Opinion: local candidates’ unwillingness to give straight answers on issues highlights why voters turned away from big parties

Opinion: local candidates’ unwillingness to give straight answers on issues highlights why voters turned away from big parties

NEARLY a week after we dutifully trooped to the polls, the final makeup of the 45th Australian parliament remains undecided.

Much has already been written about the rise of independents and so-called micro parties as Australians recoil, in ever-greater droves, from establishment politics.

The reasons for disillusionment are myriad but one of the biggest was writ large across a range of Community Newspaper Group publications in the run-up to the election.

For six weeks, we asked candidates in the seats of Tangney, Fremantle, Swan, Burt and Canning to share their personal views on a range of topics including the economy, education, health, environment, defence, seniors and social issues.

And for six weeks the major party candidates – or, more likely, their media handlers – elected to duck any question that could not be safely answered from the familiar comfort of the fence.

This was most evident in the “hot-button issues” segment, where we tried to prise a simple ‘yes’ or ‘no’ response to statements like “Weekend penalty rates should be abolished”, “The Federal Government should pick up the State funding shortfall for education assistants” and “Australia should increase its annual refugee intake to 30,000.”

Bear in mind, this whole exercise was pitched as a way for candidates to express their personal views and opinions to their electorates.

Of the 110 such statements put to Liberal candidates (many were duplicated across electorates), we received just 66 responses.

Labor candidates were only marginally more forthcoming, providing a straight answer on 77 occasions.

That is a strike rate of 60 and 70 per cent respectively.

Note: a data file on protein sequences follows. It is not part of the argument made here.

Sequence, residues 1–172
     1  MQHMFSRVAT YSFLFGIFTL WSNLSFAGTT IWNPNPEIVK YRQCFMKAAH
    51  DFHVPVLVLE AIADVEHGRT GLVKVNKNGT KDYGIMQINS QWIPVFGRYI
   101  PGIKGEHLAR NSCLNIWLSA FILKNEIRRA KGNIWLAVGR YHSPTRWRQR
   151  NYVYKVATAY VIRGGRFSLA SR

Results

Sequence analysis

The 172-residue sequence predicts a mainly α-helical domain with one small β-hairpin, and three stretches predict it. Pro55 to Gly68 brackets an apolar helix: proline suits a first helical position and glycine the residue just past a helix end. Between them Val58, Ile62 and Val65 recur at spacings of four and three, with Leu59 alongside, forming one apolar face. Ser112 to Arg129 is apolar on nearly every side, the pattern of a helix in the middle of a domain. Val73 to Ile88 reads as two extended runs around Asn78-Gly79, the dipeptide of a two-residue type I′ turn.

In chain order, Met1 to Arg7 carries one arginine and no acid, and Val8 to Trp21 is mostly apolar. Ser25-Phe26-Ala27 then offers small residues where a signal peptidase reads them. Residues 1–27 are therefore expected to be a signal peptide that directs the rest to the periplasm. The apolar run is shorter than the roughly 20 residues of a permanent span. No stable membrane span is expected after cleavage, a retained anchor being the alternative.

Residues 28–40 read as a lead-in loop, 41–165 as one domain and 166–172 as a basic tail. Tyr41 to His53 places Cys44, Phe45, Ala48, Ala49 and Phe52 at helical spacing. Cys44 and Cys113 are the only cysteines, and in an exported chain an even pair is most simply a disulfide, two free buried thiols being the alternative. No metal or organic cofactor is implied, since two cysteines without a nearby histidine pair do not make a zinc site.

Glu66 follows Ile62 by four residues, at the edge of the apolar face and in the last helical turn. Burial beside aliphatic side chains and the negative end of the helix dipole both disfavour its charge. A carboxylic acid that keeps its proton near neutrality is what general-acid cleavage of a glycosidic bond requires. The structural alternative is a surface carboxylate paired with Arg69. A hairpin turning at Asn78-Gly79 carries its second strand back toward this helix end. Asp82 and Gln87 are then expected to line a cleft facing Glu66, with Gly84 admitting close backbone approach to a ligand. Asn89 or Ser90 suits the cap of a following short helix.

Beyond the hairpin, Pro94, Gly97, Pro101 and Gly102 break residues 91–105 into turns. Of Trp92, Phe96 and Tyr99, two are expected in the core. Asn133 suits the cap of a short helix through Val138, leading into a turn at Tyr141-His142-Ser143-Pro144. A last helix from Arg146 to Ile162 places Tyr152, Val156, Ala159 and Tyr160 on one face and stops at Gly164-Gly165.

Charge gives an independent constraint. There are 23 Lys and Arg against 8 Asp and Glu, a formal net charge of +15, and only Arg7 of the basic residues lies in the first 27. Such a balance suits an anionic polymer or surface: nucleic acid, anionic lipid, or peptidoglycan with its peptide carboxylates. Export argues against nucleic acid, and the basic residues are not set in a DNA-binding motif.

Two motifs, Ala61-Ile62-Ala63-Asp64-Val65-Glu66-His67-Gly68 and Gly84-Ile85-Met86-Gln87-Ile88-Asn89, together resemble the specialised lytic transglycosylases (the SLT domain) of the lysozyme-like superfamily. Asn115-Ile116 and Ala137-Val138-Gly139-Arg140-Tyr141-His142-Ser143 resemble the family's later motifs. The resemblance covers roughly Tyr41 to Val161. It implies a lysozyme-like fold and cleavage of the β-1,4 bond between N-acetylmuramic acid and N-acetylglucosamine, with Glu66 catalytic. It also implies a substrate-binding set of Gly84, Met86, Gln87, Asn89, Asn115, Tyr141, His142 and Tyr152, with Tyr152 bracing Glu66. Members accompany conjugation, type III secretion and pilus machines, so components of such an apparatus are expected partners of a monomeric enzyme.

Conversely, Greens candidates chose to take an actual stance in 103 of their collective 110 opportunities.

Only two independent candidates participated, but responded to 52 of 55 statements.

(In case you are wondering, elected Liberals Ben Morton and Steve Irons, as well as Labor candidate for Tangney Marion Boswell, were the worst offenders, combining for a dismal 40 out of 90 responses.)

The message, seemingly, is clear: For God’s sake, do not upset anybody with an actual personality.

How are voters expected to put their trust in major party politicians when, for the most part, we know nothing of substance about the individual people that make up those parties?

Modern day Australian politics have been boiled down to what is essentially a choice between two potential Prime Ministers and their views and values.

Well, purportedly their views and values, likely supplemented by a healthy dose of input from their respective party’s powerbrokers, donors and industry lobbyists.

If you are not lucky enough to live in a frontbencher’s electorate, you may as well be voting for a smiling stock image with a red or blue border.

At the Liberal Party’s official campaign launch ceremony six days before the election, Malcolm Turnbull had some advice for voters.

“If you only know the leader of the party, if you don’t know their policies or their local candidate, then don’t vote for them,” he implored.

Well Mr Turnbull, 25 per cent of us listened.